i usually watch a film a good couple of months after the initial hype surrounding it has abated & even when i do, i almost never google it or read reviews cineastes or critics have posted before i've had a chance to watch & decide for myself. 2 of the biggest surprises in recent times were 'munich' & 'blood diamond' - the former because it received many favourable reviews & yet failed to move me at all & the latter coz it has been called everything from 'awkward', 'lukewarm', 'uninvolving' to a 'a public-service announcement masquerading as an adventure story'. for me it' neither.

agreed that the plot relies heavily on the use of typical cliches like the simple native, uncorrupted by the lure of lucre, the greedy white man & the sexy journalist who provides the much needed romantic relief as also the voice of idealism & reason. yet despite these cliches the film works for me. foremost for the brilliant acting by all 3 main actors.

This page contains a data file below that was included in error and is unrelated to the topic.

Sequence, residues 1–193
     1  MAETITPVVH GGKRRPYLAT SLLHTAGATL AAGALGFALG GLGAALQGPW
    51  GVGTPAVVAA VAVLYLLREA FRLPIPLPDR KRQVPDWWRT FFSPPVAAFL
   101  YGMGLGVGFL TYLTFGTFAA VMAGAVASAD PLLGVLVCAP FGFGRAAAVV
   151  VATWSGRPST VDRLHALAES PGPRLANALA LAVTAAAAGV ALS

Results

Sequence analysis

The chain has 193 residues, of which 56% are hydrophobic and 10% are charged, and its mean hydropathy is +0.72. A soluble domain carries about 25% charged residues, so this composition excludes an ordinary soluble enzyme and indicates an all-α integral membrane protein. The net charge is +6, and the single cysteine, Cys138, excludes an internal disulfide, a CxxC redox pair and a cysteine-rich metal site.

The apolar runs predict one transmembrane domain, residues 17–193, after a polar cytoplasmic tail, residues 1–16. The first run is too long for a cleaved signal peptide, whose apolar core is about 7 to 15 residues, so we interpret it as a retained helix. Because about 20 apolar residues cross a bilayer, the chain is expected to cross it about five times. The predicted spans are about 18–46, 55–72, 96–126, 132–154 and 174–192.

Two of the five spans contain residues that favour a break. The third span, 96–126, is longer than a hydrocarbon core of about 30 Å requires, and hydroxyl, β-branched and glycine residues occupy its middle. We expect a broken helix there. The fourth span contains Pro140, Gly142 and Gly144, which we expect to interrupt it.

through his efforts to portray the role of solomon vindy, a fisherman from sierra leone who is just another casualty in the civil war that tears the country apart as the world media obsesses whether monica lewdinsky indeed lit the fire in the white house' inner chambers, Djimon Hounsou brings to his performance that rare balance that manages to distinguish the dumb from the uncomplicated, & reflects superbly the process of personal growth that his character undergoes, without losing the intrinsic qualities that endeared him to us. the solomon who seems to exert no choice over his circumstances & is little more than a puppet in the hands of danny archer (leonardo di caprio) realises towards the end that he also holds some cards in his hands & can make archer bend to his will - if only briefly. however, this knowledge does not transform him into a scheming opportunist.